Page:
Plessy v. Ferguson (1896)
Upheld separate-but-equal facilities for white and black people on railroad cars.
Brown v. Board of Education (1954)
Said that separate public schools are inherently unequal, thus starting racial desegregation.
Green v. County School Board of New Kent County (1968)
Banned a freedom-of-choice plan for integrating schools, suggesting that blacks and whites must actually attend racially mixed schools.
Swann v. Charlotte-Mecklenburg Board of Education (1971)
Approved busing and redrawing district lines as ways of integrating public schools.
Craig v. Boren (1976)
Gender discrimination can only be justified if it serves "important governmental objectives" and be "substantially related to those objectives."
Griswold v. Connecticut (1965)
Found a "right to privacy" in the Constitution that would ban any state law against selling contraceptives.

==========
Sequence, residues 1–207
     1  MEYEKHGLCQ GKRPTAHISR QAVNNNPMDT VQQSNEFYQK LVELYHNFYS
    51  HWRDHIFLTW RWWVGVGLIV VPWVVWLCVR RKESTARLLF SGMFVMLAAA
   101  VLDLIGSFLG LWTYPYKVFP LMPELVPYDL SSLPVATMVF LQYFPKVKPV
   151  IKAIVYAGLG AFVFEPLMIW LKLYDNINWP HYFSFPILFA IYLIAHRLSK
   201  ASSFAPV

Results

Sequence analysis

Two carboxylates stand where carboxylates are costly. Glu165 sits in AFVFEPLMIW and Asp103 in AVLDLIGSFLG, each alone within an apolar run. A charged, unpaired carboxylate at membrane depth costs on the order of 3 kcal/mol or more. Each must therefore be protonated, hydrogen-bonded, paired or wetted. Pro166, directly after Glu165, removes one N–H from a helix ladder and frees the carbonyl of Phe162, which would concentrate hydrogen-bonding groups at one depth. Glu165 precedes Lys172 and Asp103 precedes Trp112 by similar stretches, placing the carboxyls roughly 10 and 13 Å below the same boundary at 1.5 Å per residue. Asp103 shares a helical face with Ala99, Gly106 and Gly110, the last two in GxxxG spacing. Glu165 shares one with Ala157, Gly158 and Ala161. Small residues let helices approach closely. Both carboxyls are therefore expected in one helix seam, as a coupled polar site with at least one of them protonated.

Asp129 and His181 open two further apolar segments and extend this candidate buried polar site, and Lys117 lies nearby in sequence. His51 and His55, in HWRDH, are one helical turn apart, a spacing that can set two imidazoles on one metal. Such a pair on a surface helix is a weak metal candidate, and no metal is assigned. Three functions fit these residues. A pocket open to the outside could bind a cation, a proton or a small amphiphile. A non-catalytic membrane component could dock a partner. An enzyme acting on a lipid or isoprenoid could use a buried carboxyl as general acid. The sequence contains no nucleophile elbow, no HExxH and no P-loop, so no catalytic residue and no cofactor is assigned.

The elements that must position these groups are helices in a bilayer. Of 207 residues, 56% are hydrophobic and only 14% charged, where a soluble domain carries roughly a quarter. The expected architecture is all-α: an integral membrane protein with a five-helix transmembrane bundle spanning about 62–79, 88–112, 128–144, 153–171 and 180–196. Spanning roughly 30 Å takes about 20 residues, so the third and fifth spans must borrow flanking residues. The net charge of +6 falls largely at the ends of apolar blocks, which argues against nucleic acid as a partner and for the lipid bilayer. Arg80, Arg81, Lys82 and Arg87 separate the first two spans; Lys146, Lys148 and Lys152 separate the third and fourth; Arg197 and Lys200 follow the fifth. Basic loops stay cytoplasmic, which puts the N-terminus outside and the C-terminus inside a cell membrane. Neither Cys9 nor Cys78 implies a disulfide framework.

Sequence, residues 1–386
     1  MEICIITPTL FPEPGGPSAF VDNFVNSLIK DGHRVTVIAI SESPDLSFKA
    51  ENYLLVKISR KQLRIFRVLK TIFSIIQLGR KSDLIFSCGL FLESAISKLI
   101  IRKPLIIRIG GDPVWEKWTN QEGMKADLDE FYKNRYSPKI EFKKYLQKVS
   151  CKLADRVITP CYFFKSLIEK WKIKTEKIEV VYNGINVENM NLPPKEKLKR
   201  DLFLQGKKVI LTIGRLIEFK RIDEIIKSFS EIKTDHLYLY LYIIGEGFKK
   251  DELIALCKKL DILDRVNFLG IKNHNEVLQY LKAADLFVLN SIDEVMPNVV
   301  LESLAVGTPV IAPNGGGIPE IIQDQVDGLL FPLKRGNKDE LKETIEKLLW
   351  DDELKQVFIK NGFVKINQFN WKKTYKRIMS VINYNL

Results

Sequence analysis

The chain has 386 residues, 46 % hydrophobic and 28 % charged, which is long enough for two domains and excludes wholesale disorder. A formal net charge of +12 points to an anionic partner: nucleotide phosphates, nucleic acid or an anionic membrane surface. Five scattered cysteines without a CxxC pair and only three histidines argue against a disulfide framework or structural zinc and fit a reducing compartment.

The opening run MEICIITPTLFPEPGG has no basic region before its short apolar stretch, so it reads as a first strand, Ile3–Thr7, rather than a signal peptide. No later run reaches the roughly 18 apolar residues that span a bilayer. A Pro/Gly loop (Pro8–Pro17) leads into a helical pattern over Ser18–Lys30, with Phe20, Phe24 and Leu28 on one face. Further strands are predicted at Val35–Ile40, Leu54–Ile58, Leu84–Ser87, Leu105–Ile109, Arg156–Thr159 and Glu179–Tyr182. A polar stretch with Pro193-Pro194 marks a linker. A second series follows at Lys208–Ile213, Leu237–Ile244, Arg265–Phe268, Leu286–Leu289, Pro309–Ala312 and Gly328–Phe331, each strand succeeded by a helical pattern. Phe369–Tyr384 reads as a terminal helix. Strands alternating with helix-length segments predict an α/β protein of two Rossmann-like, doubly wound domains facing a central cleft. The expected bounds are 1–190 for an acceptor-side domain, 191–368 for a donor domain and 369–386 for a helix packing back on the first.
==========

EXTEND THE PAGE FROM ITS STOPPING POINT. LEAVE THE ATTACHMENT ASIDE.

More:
Webster v. Reproductive Health Services (1989)
Allowed states to ban abortions from public hospitals and permitted doctors to test to see if fetuses were viable.
Stenberg v. Carhart (2000)
States may not ban partial birth abortions if they fail to allow an exception to protect the health of the mother.
United Steelworkers v. Weber (1979)
Despite the ban on racial classifications in the 1964 Civil Rights Act, this case upheld the use of race in an employment agreement between the steelworkers union and steel plant.
Regents of the University of California v. Bakke (1978)
In a confused set of rival opinions, the decisive vote was cast by Justice Powell, who said that a quotalike ban on Bakke's admission was unconstitutional but that "diversity" was a legitimate goal that could be pursued by taking race into account.
Richmond v. Croson (1989)
Affirmative Action plants must be judged by the strict scrutiny standard that requires an race-conscious plan to be narrowly tailored to serve a compelling interest.
Grutter v. Bollinger and Gratz v. Bollinger (2003)
Numerical benefits cannot be used to admit minorities into college, but race can be a "plus factor" in making those decisions.